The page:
John Jackson

Jan 142021

Millenial Reign are back with an ep to introduce yet another significant change to the band’s overall sound due to personnel changes. Interestingly, the band is introducing their new and female vocalist through this ep of songs from their Carry the Fire album.

Well, this is a first for me and presents an unusual challenge. I originally reviewed Carry the Fire back in 2015 and commented how it was an impressive album from a sonic standpoint and especially considering this is essentially the first album for a band that underwent a nearly complete lineup change. Little did I know that something like this would happen and end up so complicated. I also reviewed the band’s last release in 2018, The Great Divide, noting at that point, the band was essentially a completely new band (again). Now for the Carry the Fire Again ep, the band has gone back to remix/remaster four songs off Carry the Fire (2015) and insert new vocalist Tiffany Galchutt’s vocals. So, yet another major lineup change, but the introductory ep has an old band lineup for the music but the new vocalist. Confused yet? For those keeping track the band is working on new material for 2021 and has the same lineup with the exception of vocals, which is a good thing as the musicians Dave Harvey assembles are more than capable to deliver some great power metal.

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Iron Savior – “Skycrest”

 Posted by on December 15, 2020 at 21:18  No Responses »
Dec 152020

As if to convince us that 2020 was not all bad, Iron Savior have released their latest album, Skycrest, which shows the band in the same peak form that we’ve all come to expect…. Power metal filled with blazing guitars, epic vocals and great hooks.

Now on their 14 th album, the band formed in 1996 by Piet Sielck and other ex-Helloween members, Iron Savior has rightfully been placed among the legends of metal. While the lineup around Piet has changed over the years, the quality of the musicianship has not wavered and the band’s sound which to my ears combines the NWOBHM with other metal greats remains a constant. Once again, for Skycrest, the overall sound was polished to a metal perfection by Piet at his Powerhouse Studios. I do feel I have to note that this review is happening after the release of the album and more than a week ago, there were over 500,000 streams of it already on Spotify, demonstrating both the dedication of Iron Savior fans as well as being a testament to the quality of the album. This time around, the band does stray a bit from the science fiction themes that dominate some of their other releases, as the challenges around the pandemic including bassist Jan being very ill, made this more of a personal album. That being said, the band made an album filled with positive energy, serving as an antidote to the overall darkness of the year.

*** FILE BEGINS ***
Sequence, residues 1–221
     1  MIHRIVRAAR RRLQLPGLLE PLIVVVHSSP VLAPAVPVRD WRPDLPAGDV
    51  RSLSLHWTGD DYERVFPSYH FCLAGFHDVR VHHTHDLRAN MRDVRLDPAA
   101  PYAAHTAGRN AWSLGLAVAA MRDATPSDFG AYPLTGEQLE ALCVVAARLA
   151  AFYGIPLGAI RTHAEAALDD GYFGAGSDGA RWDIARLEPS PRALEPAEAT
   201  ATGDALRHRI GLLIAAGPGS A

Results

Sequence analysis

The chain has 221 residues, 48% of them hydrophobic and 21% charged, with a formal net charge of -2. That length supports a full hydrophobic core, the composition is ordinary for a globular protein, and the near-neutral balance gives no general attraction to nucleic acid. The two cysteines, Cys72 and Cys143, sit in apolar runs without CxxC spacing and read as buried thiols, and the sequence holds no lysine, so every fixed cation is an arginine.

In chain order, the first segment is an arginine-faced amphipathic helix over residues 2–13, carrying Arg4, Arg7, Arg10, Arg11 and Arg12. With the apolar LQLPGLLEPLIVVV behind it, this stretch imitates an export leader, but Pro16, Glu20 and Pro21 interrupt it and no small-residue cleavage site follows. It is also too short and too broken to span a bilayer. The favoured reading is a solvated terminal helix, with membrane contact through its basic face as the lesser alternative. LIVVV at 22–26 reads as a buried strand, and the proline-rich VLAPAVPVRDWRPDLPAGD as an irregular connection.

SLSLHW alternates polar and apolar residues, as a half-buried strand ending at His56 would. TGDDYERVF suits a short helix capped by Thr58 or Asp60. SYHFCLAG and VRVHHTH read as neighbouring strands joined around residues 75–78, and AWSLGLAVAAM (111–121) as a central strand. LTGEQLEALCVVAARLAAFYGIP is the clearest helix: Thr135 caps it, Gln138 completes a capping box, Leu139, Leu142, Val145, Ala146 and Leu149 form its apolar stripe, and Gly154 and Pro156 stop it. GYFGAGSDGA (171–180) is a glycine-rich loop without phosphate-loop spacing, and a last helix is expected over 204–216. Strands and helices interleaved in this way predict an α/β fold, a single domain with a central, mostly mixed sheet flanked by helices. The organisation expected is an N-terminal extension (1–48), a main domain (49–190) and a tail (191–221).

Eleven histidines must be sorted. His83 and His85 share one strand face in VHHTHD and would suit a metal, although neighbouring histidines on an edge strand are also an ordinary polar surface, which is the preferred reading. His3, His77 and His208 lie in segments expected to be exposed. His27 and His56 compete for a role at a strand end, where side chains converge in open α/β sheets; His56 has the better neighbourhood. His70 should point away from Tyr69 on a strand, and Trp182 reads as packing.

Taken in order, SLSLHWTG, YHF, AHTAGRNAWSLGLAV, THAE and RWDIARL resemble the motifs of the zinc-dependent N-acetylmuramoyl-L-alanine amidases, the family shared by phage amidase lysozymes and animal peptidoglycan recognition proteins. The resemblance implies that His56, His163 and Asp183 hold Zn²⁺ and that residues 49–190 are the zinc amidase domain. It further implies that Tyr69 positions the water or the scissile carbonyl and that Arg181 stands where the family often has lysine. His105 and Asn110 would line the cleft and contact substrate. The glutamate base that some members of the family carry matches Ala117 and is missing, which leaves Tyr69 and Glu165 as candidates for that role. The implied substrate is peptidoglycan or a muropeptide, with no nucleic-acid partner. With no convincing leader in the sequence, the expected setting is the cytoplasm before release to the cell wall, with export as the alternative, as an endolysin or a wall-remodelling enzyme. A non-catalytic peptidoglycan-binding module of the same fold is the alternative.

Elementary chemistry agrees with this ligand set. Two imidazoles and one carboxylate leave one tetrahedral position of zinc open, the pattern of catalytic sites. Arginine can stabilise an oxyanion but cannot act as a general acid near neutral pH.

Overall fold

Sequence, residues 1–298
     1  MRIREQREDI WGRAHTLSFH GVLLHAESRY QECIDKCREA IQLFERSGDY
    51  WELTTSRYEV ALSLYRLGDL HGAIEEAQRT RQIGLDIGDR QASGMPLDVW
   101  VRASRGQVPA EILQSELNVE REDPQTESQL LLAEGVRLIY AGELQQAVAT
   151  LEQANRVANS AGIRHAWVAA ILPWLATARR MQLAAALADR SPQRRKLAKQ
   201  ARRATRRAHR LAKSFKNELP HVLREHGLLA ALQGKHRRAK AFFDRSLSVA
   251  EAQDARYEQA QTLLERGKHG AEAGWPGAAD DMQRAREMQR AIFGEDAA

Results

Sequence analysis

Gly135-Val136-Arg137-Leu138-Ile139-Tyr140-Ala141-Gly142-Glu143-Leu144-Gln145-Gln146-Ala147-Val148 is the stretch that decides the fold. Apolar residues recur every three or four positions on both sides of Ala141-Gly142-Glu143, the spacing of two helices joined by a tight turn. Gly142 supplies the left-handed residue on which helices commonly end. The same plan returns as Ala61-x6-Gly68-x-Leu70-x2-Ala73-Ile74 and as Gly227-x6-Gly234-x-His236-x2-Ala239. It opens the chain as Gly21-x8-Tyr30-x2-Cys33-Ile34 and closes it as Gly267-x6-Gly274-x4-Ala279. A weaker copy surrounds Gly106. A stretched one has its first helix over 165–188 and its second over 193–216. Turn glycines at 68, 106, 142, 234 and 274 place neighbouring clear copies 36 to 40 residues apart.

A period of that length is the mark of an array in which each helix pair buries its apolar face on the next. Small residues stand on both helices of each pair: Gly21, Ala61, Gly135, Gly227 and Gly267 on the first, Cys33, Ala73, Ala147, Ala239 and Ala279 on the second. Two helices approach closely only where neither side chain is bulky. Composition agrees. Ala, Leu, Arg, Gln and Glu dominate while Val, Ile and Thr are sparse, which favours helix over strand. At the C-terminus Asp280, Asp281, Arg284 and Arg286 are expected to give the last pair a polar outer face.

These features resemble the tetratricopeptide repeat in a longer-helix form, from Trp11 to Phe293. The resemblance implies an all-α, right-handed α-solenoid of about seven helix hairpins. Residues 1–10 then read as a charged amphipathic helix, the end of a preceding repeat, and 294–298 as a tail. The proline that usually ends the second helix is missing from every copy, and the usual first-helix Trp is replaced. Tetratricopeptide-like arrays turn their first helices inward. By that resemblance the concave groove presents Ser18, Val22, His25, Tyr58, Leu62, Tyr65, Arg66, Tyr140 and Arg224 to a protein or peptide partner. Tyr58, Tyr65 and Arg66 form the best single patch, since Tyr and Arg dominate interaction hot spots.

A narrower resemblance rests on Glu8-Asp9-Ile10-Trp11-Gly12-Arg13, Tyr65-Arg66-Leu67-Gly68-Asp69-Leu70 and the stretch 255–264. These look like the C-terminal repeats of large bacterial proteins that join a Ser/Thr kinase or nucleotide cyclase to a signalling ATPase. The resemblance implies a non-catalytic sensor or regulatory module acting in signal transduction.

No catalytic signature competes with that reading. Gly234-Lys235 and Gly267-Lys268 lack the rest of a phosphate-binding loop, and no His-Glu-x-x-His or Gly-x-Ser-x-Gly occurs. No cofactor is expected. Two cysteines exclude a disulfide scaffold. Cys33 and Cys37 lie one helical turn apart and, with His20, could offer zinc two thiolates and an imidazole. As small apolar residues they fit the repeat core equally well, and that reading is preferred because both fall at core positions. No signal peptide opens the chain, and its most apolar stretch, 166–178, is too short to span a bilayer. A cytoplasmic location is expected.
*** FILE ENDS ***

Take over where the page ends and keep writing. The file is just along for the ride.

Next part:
“The Guardian” opens up Skycrest with the Rush-sounding keyboards (think Subdivisions) and then some harmonized guitar parts come in for the rest of the short instrumental, which in some ways serves as a prelude to what can be found later in the album.

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Nov 242020

Adorned Graves is back with Being Towards a River, which sees the band continuing in their journey started with Out From the Depth of the Grave where they expertly crafted songs with elements of thrash, doom, and goth.